Tuesday, March 1, 2011

Autumn harvest!

The last few days of summer were spent harvesting tomatoes to make a ripper sauce. I look forward to those cold dark winter nights when I’ll open the lid of the jar and a burst of flavour will erupt, taking me back to when I picked kilo after kilo of the red and yellow cherry, Roma and other varities, the sun on my back and the sound of the hens clamouring for the left-over fruit that didn’t make the cut.

Some of the yummy cherry tomatoes ready to be taken into the kitchen and tunred into sauce.

It’s been a slow growth season thanks to all the rain and low temperatures, so I still have about 40 tomatoes bushes yet to flower and another 30 still seedlings. As I follow the crop rotation plan, the brassicas (love broccoli!) will follow the tomatoes in these beds. I’m planting them in pots, ready to transfer them as soon as I can. I think I’ll be building a mini-greenhouse to see them through the next couple of months.

While it’s been a funny old summer, it’s been a good one too – swapping cakes and veggies with my firends for preserves; my good neighbour mowing my lawn in exchange for eggs; baking bread and adding my own herbs; seeing blue wrens in the Asian greens bed, flitting and flirting about from soil to birdbath.

With all the horrors in the news, it’s good to have somewhere quiet to sit and reflect on what’s important in life. No matter if your garden comprises a couple of acres or a few foam boxes on the back steps, it’s a wonderful place to go to take a deep breath.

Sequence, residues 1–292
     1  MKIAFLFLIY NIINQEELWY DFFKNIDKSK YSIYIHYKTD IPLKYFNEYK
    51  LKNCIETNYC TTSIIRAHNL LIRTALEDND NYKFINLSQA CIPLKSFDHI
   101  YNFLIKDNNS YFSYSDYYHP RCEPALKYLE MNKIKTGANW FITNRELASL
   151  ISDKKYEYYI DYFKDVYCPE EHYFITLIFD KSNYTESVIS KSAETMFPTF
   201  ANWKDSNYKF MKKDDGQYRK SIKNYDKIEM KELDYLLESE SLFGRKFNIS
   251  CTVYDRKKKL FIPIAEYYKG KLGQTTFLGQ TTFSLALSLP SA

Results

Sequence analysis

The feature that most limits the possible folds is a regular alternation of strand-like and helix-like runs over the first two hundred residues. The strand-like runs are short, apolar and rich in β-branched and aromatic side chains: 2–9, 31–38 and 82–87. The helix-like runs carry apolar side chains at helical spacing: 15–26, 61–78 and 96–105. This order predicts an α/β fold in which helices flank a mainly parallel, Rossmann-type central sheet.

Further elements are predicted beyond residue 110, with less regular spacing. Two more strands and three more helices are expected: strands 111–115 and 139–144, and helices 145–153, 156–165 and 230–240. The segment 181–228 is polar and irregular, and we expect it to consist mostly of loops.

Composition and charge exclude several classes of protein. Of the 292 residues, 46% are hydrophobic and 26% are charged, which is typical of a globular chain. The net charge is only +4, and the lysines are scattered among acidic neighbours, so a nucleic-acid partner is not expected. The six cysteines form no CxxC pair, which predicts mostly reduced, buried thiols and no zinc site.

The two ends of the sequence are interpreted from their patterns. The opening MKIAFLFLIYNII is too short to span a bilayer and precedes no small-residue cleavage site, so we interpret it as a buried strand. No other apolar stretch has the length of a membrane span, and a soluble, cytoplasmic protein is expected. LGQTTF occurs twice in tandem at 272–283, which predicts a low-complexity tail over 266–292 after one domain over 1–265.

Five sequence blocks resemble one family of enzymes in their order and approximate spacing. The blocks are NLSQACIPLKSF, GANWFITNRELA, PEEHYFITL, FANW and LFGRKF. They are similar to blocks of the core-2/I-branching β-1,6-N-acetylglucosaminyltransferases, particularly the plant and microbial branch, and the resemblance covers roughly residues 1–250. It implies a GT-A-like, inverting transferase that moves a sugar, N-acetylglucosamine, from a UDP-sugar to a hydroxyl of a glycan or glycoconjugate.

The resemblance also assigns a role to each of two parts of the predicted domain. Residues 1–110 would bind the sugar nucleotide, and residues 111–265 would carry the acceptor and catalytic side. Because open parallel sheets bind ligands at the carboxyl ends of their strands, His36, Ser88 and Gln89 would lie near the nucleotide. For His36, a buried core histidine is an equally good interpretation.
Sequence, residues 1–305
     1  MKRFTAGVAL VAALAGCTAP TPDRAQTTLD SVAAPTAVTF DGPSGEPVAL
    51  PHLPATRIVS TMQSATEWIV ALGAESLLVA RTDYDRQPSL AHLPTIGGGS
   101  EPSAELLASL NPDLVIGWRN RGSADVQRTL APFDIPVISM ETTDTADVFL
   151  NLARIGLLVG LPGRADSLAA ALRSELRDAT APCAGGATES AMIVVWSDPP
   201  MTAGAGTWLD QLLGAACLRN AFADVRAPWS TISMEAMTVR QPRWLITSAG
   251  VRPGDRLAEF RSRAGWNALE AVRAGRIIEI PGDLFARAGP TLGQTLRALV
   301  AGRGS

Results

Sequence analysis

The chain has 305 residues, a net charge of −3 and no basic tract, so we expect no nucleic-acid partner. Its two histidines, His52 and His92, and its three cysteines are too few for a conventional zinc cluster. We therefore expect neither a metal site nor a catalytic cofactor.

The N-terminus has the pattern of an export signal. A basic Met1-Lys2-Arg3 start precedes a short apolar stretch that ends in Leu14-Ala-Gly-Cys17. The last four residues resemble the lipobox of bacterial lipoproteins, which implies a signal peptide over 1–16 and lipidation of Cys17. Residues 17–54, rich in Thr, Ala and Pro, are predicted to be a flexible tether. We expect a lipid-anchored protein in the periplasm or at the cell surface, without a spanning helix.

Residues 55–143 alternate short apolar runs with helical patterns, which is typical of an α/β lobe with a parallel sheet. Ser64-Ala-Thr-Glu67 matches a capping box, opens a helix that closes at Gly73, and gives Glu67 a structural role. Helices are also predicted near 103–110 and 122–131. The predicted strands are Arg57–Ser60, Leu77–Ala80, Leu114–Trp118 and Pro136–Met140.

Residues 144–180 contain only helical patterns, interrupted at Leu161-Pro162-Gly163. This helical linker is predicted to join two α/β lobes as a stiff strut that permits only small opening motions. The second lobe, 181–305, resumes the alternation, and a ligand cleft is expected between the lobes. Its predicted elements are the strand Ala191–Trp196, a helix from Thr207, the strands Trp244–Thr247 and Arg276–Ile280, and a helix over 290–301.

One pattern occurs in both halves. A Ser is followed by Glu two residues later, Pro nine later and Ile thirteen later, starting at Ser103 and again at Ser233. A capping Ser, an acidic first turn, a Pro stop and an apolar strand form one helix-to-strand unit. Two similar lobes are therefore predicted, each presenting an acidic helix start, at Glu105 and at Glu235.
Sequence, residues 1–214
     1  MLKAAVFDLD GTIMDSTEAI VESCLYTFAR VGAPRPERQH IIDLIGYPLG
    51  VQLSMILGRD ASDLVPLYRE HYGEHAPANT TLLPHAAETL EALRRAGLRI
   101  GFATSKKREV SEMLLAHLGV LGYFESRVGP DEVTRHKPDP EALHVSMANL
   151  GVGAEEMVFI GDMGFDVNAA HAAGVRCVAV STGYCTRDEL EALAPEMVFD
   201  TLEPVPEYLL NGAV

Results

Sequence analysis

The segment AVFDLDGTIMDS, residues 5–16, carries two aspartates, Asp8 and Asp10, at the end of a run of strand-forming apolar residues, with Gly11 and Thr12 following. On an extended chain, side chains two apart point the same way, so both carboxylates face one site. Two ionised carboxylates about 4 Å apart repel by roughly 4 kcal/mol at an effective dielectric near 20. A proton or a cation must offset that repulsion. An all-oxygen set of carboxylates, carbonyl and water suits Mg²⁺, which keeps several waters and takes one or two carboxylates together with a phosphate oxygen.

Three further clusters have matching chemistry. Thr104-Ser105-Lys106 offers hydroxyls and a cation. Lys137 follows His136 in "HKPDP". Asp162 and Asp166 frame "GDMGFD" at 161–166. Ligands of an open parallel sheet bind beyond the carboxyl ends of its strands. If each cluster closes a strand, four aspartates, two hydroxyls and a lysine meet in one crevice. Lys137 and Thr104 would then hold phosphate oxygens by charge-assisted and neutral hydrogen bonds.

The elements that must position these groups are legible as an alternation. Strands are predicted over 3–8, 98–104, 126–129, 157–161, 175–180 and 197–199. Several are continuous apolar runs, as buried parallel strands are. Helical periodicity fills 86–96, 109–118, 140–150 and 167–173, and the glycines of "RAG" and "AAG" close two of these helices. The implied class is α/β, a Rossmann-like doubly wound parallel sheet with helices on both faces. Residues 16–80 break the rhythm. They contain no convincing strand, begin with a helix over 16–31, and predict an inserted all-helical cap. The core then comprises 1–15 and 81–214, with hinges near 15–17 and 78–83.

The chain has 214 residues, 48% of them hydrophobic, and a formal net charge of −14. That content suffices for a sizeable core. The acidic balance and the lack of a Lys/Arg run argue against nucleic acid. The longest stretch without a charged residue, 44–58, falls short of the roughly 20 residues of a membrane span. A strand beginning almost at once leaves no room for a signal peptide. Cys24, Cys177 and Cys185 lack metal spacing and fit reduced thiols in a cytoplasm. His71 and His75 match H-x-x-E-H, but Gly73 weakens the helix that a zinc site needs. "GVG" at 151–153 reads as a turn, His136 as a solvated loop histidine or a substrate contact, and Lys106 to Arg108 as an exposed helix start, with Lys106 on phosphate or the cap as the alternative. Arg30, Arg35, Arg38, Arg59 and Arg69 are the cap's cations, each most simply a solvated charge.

Monday, February 21, 2011

Madeleine’s marvelous garden

Madeleine has an amazing and inspiring garden that thrives between Bells Beach and Anglesea on the Victorian south-west coast.

Madeleine with Violet, one of her cheeky chickens.

Her chooks enjoy their own run which includes a hen-friendly garden, secure wired-in paddock they access through their own hen-door and a fox-proof shelter. They enjoy lazing under the shade of sunflowers, eating the veggies she growsfor them in their run, are experts at munching unwary caterpillars and turning over the compost in the open bin. Surrounding the front of the chook run Madeleine grows a cascade of beans, strawberries, capsicum, eggplant and cucumbers.

Her garden is an amazing tribute to hard work and it’s hard to believe it’s only a few years old. Mostly grown from seeds or cuttings, there are many varieties of beans, peas, tomatoes, cucumbers, pumpkins, beetroot, silverbeet and lettuce. In pots by the house Madeleine grows a great many types of salad greens, citrus, strawberries and many flowers to attract bees.

Dahlias are her favourite flowers – in a long bed sheltered by the water tank her dahlias boast a wonderful array of colour. Ranging from the demure palest pink or lemon through to real raggedy show-stoppers that would have enchanted Van Gough, these dahlias resemble a chorus line of show girls as they bob about in the breeze.

Not only does she tend her garden to perfection, Madeleine makes the best pear chutney on the surfcoast!

Her husband Barrie runs the Watermarks Photo Gallery in Torquay which is well worth a visit when you are next down the Great Ocean Road.

Thursday, February 3, 2011

Chickens in New York

A wonderful report in the New York Times about how a missing chook brought the whole street together.